"Don't be a moron," he said. "Everything's a racket, see, and everybody's dirty and mean. You want to get ahead, you gotta be dirtier and meaner than everybody else. You know who gets that? This guy Hitler, zalts im in di oygen, feffer im in di noz."

 

"Scuse me?"

 

"Kike for salt in his eyes, pepper in his nose. God give him boils on his tongue and polyps like cactuses up his colon. He's eviler than Pharaoh and cuckoo to boot, but he knows what he got to do if he wants the whole world for his racket."

 

Never in a million years did I expect to be sitting in the back room of the Three Bells talking world affairs with Seymour Spitz. Only guy I ever done that with was Bill. He had a sister Verna worked at the World-Herald. Kept us up on all the war news. Including a lot of war news the government censors kept out of the World-Herald because it would be bad for public morale. When I come back to Brooklyn public morale didn't feel like it could get much worst. Everybody knew the war was bad and not getting better. They didn't need to read it in a newspaper.

 

"How long was you in the can this trip?" Seymour Spitz asked me.

 

"I done a injun and was looking at another deuce," I said. Injun, or cherokee or buffalo, was all different words we had for a nickel, and a nickel was what we called a five-year stretch. "It wasn't the chain gang, but it was a long haul. Longest I ever been cooped. A fellow gets so even his dreams forget what a dame's ody colony smells like or how it feels to walk a straight line more than ten paces before smacking into a wall."

 

"Capisco," Seymour Spitz said. It was funny hearing a heeb talk wop, but in our world we all picked up a little. "Six months was enough for me. Supposed to be a lot more than that, a course. Missed my children. The wife not so much. But my kids." He made a what-can-I-say gesture with his thin, gray hands. "You got any, Bigelow?"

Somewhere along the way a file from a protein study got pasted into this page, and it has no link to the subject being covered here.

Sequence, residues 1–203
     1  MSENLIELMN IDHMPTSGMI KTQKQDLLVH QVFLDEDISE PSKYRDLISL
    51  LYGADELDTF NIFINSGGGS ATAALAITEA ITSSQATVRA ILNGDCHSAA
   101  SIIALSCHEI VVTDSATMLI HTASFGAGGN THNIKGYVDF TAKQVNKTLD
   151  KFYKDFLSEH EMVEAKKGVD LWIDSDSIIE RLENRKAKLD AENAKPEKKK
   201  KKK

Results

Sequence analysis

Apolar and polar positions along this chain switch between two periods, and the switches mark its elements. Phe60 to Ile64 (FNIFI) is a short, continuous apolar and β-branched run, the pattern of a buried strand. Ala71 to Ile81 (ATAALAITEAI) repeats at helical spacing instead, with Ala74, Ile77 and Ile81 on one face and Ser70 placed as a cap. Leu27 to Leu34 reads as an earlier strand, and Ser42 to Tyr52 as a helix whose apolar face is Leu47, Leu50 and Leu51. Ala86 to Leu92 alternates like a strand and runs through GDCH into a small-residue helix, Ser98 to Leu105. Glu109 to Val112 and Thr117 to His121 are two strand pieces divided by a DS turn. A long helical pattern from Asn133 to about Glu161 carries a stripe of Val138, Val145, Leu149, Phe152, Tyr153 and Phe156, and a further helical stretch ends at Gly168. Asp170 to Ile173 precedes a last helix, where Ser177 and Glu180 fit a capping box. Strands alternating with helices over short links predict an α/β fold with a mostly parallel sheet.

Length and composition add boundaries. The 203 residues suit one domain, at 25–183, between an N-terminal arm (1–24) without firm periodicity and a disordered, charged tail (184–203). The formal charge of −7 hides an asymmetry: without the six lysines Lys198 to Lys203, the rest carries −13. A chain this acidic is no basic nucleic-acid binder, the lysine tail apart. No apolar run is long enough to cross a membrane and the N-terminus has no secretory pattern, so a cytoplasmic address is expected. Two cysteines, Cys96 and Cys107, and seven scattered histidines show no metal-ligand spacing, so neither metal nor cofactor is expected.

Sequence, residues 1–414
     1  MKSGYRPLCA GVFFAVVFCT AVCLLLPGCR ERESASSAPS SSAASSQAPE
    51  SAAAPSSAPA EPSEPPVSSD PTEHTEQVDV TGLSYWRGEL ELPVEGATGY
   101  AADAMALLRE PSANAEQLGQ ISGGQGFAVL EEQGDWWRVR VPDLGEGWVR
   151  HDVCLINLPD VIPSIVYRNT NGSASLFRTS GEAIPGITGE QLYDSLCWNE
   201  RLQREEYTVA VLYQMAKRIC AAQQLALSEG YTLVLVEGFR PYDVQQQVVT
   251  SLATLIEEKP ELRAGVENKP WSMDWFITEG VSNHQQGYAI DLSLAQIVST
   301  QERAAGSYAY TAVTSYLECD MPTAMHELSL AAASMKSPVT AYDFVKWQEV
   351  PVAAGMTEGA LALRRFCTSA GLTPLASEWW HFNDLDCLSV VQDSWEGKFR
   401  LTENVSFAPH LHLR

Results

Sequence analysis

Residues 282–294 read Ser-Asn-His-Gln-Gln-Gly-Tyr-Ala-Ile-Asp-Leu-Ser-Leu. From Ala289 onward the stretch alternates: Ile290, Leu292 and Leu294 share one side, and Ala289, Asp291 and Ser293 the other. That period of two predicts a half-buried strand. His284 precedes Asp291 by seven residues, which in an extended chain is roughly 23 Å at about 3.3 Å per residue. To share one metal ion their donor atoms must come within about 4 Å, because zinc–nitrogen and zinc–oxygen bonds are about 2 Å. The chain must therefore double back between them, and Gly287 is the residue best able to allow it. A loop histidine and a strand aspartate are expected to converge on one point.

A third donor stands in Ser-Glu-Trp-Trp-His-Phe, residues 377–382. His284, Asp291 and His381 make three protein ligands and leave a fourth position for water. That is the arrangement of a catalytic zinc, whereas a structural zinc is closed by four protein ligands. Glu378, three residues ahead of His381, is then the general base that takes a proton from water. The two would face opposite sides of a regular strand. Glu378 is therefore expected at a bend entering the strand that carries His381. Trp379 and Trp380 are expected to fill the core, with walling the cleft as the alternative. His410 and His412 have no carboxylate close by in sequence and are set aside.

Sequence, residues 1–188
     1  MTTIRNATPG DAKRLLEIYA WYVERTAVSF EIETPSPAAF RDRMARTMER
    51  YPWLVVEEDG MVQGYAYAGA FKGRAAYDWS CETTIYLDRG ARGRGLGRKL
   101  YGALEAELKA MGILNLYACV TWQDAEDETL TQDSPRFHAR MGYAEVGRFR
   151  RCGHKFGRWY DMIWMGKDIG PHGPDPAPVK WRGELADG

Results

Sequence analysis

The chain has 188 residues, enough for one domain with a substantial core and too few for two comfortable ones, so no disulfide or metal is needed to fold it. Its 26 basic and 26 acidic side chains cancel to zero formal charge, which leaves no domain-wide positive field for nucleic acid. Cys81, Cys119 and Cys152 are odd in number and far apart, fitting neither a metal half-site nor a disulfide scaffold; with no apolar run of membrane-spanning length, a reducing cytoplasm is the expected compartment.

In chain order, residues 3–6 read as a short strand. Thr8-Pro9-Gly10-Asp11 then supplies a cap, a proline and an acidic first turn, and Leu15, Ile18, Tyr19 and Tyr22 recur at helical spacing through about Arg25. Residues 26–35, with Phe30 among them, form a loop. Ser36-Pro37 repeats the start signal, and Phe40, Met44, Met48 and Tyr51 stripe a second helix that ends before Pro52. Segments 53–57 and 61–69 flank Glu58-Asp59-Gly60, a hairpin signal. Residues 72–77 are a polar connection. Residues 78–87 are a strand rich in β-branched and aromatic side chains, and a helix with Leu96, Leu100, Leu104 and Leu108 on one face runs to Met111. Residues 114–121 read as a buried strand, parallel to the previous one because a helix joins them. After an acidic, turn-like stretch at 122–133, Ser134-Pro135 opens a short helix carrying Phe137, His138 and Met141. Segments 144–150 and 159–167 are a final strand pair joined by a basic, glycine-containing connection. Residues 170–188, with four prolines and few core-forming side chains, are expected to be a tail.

"Not on purpose."

 

"Should try it. You look like you still got time. Marriage, feh. It gets to be a different kind of doing time. But children, a family. Makes what a man does in his life feel like it means something. Like he's building a empire to hand off. Even in our racket."

 

Now I was having a heart to heart with Seymour Spitz, family man, in the back room of the Three Bells. I didn't know what to say or where this was heading, so I just nodded and picked a crumb of tobacco off my teeth. In the old days I would flick it away. Now I stuck it on my tongue and savored the taste.

 

"You worry about them," he went on. "Even when they're grown. Especially in this fachadick world. What kind of empire we gonna hand down with all this meshuggineh going on? Who we gonna pass it down to with all our boys off somewhere getting cut to ribbons? I blame the Rosenfelts."

 

That surprised me. Rosenfelt was how the wannabe natsies in the Bund always said Roosevelt.

 

"They shoulda kept out of it," Seymour Spitz rolled on. "Let Adolf have Europe. Who cares?"

 

"I dunno," I said. "Maybe the Jews."

 

He waved a hand. "Feh. The Jews can take care of themselves. We been doing it for thousands of years. Take my word, in a few years we woulda been running the Reich. You think the heinies could run it without our help?"

 

I didn't say anything. From what I knew it looked like the heinies was doing a pretty fair job of running Europe on their own, with no help from the Jews.

 

"See that gizmo today?" he asked.

 

I nodded.

 

"Forget about it," he said. "This wasn't the invasion. But it's coming. I ain't gonna like that."

 

"I don't guess many folks will."

 

"I ain't folks," he snapped. "Them natsies a racket like any other, see? They got their territory over there, I got mine here. I spent twenty-five years building my turf. Think it was easy for a yid to get where I am? Had to fight for every dime and every corner. Stood up to all the wop hard guys and played the angles on all their family feuds. Duked it out with the micks and the chinks and the spades. Bought unions, cops, judges. Got three white shoe law firms on retainer. Real blue bloods. Whitest guys you ever saw. The janitors got sheepskins from Harvard. Mayors? When Jimmy Walker wanted real champagne and a chorus girl who danced the can can on her knees his boys come straight to my boys. Anything his crook's heart desired. LaGuardia feh. Little altar boy acts like every day's his first holy communion and when he takes a dump it comes out wafers. But he'll be gone someday."